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Introduction of Robotic Transabdominal Pre-Peritoneal (R-TAPP) Repair for Elective Groin Hernias: A Single Centre Experience

Shashank Iyer

Shashank Iyer, Kayleigh Spellar, Alex Laurie, David Bunting
North Devon District Hospital - Royal Devon University Healthcare NHS Trust, Barnstaple, United Kingdom



Robotic surgery has emerged as a novel approach to minimally invasive hernia repair. There is a need to evaluate the day case applicability and safety of the robotic technique. This study aims to compare day case and complication rates for patients undergoing elective inguinal/femoral hernia repair using the Da Vinciā„¢ XI robotic platform, laparoscopic technique and open procedures at our facility.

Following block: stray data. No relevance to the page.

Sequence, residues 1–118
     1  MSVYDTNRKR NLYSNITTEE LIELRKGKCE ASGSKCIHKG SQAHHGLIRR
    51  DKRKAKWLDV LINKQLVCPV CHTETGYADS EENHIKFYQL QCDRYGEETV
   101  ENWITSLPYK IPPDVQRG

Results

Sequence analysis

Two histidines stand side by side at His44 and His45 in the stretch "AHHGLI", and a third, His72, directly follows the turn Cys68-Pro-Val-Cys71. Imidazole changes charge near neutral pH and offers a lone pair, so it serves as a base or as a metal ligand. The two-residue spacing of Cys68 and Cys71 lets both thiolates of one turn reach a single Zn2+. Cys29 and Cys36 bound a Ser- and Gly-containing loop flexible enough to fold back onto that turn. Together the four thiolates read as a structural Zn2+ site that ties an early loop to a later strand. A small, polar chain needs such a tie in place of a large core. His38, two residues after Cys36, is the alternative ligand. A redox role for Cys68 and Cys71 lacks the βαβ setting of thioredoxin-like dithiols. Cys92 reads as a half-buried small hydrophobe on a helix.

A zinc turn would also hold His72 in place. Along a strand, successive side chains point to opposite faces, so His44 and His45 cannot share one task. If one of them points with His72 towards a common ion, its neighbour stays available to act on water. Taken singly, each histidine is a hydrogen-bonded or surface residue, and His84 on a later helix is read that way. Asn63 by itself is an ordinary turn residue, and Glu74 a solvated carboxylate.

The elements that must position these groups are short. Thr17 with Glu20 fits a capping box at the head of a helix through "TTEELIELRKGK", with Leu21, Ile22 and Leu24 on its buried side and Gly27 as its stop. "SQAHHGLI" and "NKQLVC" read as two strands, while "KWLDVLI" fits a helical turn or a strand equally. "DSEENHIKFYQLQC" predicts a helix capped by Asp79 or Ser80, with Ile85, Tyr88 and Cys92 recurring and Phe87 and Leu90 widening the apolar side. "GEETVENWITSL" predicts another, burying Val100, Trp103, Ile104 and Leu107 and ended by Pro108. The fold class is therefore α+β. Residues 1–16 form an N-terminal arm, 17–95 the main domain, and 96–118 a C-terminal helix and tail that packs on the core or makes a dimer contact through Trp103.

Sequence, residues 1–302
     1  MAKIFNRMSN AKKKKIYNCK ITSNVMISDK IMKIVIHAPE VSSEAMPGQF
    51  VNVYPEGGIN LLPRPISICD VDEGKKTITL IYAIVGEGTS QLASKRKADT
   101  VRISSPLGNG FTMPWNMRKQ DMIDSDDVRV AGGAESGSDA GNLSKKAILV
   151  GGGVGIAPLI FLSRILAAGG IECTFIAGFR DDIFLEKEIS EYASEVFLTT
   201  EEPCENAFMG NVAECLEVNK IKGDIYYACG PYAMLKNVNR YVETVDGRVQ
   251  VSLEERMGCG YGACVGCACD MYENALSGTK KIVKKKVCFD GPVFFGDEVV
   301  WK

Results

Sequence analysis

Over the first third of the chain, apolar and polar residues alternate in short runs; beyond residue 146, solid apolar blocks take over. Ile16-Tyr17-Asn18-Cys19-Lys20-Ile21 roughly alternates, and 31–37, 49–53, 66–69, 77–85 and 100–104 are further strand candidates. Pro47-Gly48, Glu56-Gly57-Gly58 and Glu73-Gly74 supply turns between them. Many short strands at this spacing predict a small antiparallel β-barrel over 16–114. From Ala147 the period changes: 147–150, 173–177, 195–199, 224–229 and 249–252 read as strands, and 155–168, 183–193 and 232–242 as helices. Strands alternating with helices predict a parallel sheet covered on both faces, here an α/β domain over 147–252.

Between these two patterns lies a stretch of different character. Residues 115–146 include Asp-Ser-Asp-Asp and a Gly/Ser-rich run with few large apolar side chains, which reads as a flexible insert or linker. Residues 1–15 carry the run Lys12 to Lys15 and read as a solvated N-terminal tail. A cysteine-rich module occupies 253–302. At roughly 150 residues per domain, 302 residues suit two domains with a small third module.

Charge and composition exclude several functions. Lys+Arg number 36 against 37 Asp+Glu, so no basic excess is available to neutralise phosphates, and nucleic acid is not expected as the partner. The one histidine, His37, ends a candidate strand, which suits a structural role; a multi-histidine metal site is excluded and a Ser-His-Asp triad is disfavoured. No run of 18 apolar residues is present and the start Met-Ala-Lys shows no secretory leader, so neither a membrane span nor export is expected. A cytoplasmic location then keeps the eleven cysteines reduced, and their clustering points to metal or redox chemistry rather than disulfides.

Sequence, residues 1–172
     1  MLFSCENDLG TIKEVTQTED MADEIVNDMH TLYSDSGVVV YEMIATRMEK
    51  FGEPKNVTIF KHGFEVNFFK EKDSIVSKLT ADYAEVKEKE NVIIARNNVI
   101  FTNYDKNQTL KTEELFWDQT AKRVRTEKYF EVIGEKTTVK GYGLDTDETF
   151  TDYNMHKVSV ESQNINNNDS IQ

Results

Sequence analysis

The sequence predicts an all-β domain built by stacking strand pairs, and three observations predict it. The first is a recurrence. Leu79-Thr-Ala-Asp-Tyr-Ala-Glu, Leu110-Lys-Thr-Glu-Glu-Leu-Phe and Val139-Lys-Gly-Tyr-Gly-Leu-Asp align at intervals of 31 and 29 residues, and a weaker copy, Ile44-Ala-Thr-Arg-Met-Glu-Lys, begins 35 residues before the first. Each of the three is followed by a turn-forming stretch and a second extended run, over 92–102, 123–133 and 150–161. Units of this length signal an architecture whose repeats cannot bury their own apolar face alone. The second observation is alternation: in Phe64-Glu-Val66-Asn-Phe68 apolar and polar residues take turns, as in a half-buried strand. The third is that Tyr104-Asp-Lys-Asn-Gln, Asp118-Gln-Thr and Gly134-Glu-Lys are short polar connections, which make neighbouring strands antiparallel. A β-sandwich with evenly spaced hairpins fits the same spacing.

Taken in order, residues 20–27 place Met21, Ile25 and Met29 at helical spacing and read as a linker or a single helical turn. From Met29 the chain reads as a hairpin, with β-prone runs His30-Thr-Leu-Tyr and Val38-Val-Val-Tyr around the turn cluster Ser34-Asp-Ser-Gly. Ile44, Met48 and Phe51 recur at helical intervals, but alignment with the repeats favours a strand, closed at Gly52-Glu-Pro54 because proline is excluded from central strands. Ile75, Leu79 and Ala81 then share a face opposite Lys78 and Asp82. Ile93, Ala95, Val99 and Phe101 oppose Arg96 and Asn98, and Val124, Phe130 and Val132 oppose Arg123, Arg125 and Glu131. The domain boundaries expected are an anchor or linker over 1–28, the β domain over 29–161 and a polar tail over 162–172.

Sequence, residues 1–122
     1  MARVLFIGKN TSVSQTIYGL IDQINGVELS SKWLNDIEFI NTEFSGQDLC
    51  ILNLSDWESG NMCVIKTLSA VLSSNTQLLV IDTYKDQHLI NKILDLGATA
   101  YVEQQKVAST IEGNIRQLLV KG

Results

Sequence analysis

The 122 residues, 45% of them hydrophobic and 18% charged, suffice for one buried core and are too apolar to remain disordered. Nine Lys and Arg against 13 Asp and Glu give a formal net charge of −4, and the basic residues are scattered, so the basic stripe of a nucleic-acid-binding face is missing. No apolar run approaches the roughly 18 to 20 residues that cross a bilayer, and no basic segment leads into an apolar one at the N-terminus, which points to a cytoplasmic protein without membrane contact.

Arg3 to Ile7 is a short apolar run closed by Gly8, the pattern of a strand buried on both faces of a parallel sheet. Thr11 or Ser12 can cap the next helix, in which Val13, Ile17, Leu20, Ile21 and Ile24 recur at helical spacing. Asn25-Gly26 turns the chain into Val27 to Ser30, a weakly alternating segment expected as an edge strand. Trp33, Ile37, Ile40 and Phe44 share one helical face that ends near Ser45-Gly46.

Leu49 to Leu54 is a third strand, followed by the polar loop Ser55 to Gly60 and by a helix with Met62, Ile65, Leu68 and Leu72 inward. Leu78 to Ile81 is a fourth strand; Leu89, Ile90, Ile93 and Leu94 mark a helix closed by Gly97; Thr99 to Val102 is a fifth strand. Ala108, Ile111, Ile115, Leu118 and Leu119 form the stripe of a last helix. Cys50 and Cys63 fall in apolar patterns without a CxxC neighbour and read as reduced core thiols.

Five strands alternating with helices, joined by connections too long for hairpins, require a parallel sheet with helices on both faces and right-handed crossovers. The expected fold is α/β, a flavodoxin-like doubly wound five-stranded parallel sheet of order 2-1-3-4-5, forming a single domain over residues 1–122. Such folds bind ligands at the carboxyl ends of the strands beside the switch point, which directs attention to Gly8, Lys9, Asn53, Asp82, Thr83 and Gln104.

A retrospective review of electronic records was conducted to identify all patients undergoing elective inguinal/femoral hernia repair between January and December 2023. Patients were divided into robotic, laparoscopic, or open groups depending on the surgical technique. Day case rates and 30-day complications were recorded for each group and compared.


During the data collection period, 269 patients underwent elective groin hernia repair, of which 53 were robotic, 61 were laparoscopic and 155 were open. Day case rates were 89%, 84% and 83% in the robotic, laparoscopic, and open groups respectively. The overall day case rate was 84%, which approaches the BADS benchmark target of 90%. There were 46 complications overall (17.1%). Complication rates were 13% for robotic repair, 13% for laparoscopic repair and 20% for open repair. Among robotic complications, the most common was hematoma. All robotic complications were managed conservatively.


Our study indicates that at this stage, the complication rates following robotically assisted groin hernia repair are equivalent to those in laparoscopic repair and lower than those in open repair. Further data are required with a larger sample size to evaluate long-term outcomes.